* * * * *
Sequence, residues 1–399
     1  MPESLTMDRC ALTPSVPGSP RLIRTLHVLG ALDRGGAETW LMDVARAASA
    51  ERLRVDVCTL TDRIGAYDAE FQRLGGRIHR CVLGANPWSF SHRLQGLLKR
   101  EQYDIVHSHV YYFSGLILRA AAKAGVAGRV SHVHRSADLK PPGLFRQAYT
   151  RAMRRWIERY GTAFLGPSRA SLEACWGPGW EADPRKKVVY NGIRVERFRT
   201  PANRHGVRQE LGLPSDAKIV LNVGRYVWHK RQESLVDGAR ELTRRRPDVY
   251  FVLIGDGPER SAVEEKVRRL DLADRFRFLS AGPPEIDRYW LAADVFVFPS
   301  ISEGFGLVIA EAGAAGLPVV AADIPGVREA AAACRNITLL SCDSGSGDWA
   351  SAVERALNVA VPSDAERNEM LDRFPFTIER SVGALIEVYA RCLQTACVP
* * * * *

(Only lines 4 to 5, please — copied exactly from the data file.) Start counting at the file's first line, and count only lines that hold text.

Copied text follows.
   101  EQYDIVHSHV YYFSGLILRA AAKAGVAGRV SHVHRSADLK PPGLFRQAYT
   151  RAMRRWIERY GTAFLGPSRA SLEACWGPGW EADPRKKVVY NGIRVERFRT